The Week That Was
August 2, 2003










2. Hydrogen Cars Not the Answer

An article published in the July 18 Science, "Rethinking Hydrogen Cars," was largely critical of the claims made for hydrogen cars in the areas of air quality, climate change, energy security and hydrogen's role as a transportation fuel.

Authors David Keith of Carnegie Mellon University and Alexander Farrell of the University of California, Berkeley, found that other current technologies appear more cost-effective than hydrogen cars. They mention, for instance, that the National Academy of Sciences found that increases in the fuel-economy of light-duty vehicles paid for themselves (although they neglect to mention the 2,000 or more lives lost each year as a result).

The authors also point to the disparate motives of those involved in promoting hydrogen cars, calling them "an unusual coalition-from environmentalists and futurists to auto executives, oil barons, and nuclear engineers." They conclude that, "Transportation R&D should be broadly based, and should focus on basic enabling technologies rather than on a rush to deploy hydrogen cars."

Nature also addressed the potential hydrogen economy in its July 10 issue (see New on the Web above), with Paul Grant of the Electric Power Research Institute arguing that, "The only practical and clean way of extracting hydrogen from its most readily available source, water, is nuclear energy. In addition, it will be many years before the infrastructure for using hydrogen power is complete and meanwhile we will need clean energy from somewhere. A rebirth of the nuclear power industry could be the best option." Grant summed this up as "a world where 'atoms for peace' would prevail, creating a clean energy source independent of any geographically accidental richness of fossil reserves."


3. Lomborg gets another bum review - badly flawed
Letter sent to the Editor, The Economic Journal

Sir, In his review [EJ, June 2003] of The Skeptical Environmentalist [Lomborg, 2001], Matthew Cole is guilty of the very same sins for which he faults Bjorn Lomborg. Cole uses "highly aggregated data" and he quotes "selectively," omitting well-known references that might have detracted from his arguments. In the process, he fails to make a case for the "litany" of environmental groups that things are getting worse and thus confirms Lomborg's main thesis.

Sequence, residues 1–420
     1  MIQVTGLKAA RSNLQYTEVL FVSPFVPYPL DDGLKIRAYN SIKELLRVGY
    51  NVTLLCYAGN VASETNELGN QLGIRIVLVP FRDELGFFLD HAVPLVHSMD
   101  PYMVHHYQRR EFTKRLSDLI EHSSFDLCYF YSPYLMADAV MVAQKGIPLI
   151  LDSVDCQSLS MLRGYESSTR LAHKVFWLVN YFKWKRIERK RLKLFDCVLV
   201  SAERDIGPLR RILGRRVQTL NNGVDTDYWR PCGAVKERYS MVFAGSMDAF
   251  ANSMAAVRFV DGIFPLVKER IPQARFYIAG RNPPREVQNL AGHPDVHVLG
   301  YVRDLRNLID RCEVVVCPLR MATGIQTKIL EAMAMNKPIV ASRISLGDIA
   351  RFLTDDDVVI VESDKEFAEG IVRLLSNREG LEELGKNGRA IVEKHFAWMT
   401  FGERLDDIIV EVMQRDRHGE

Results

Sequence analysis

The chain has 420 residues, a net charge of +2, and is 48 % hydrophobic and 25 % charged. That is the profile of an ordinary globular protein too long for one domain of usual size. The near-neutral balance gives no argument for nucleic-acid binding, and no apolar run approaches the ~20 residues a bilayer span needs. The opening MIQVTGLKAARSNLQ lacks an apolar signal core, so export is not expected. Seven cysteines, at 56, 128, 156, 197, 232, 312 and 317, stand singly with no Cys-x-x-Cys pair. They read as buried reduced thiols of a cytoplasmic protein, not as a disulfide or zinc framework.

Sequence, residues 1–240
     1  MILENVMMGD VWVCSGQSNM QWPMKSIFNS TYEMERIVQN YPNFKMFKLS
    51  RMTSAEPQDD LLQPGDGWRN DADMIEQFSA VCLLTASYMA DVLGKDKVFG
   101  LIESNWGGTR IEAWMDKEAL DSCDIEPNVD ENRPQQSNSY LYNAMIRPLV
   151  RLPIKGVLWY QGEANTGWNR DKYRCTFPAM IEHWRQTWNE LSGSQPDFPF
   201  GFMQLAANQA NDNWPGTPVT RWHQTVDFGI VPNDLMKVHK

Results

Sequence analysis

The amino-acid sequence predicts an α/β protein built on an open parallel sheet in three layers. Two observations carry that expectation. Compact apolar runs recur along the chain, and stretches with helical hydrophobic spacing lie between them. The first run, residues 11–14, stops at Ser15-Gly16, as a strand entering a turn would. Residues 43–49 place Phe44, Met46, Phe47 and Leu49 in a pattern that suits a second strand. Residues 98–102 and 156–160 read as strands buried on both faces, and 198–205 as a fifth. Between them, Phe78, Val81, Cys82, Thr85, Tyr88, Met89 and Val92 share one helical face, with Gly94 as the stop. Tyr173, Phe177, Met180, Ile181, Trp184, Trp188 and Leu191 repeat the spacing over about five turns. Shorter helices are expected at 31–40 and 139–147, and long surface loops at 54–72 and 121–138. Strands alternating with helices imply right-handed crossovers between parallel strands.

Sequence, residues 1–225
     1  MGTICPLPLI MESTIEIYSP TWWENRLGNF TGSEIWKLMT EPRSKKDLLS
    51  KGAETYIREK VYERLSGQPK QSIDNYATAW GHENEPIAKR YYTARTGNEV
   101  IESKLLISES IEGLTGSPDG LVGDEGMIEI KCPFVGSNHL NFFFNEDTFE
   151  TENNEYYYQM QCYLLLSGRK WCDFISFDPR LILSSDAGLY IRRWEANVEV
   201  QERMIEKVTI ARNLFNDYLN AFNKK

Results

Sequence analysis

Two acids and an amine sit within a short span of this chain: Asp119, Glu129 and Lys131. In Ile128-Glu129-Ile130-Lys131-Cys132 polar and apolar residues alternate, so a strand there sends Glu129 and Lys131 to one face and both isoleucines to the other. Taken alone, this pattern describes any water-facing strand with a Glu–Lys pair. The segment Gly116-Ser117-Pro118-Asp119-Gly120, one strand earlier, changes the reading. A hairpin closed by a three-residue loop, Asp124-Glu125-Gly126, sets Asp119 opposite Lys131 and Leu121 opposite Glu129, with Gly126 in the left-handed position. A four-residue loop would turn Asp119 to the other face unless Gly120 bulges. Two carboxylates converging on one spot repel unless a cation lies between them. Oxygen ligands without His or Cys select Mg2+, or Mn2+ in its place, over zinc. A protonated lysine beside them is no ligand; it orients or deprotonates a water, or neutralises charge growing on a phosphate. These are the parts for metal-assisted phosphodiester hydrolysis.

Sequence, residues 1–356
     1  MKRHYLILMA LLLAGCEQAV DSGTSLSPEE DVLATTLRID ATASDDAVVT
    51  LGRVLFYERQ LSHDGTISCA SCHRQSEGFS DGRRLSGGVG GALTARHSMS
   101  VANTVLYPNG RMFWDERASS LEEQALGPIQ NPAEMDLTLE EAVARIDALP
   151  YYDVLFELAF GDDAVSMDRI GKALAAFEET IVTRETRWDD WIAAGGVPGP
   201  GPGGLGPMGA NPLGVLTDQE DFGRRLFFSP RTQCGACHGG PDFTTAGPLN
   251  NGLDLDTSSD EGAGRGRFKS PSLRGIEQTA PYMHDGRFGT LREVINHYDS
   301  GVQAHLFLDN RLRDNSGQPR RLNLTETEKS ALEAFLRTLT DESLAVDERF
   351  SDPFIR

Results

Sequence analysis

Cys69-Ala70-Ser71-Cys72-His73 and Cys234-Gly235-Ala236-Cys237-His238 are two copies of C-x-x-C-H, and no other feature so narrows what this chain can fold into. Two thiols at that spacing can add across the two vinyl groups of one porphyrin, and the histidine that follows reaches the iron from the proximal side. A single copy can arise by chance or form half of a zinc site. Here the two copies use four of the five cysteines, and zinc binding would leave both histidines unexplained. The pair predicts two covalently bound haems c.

I will focus my comments on Climate Change, a topic of my personal expertise. Cole admits that he is "no expert on climate science," but I would expect him to be at least aware of the fact that there is no consensus about whether human influences are currently producing a warming. The US National Academy of Sciences published a report [Jan. 2000] pointing to the serious disparity of current climate data, with surface thermometers showing an upward trend while both weather satellites and weather balloons show no appreciable atmospheric warming. This is in contradiction to theoretical climate models based on conventional greenhouse theory. Certainly, with greenhouse forcing having increased by about 50 percent, one would expect to see clear warming effects by now.

Cole's claim that an article on climate change in the Scientific American attacking Lomborg constitutes a "rigorous examination" shows a certain bias. So does his labeling of carbon dioxide as a "pollutant."

Cole quotes half a dozen references, all claiming that a warming would have negative economic consequences. While these authors may agree in the aggregate, they disagree with each other when examining individual economic sectors. The reader is invited to view an intercomparison [IPCC, 1996, Vol. 2] and will find that, while one author sees damage to agriculture, another fixes the main damage to the coastlines. None of the authors, including Cole, seems to be aware, however, that sea-level rise has been ongoing for some 18,000 years and has not accelerated during the 20th century. A geological perspective is often useful - even for economists.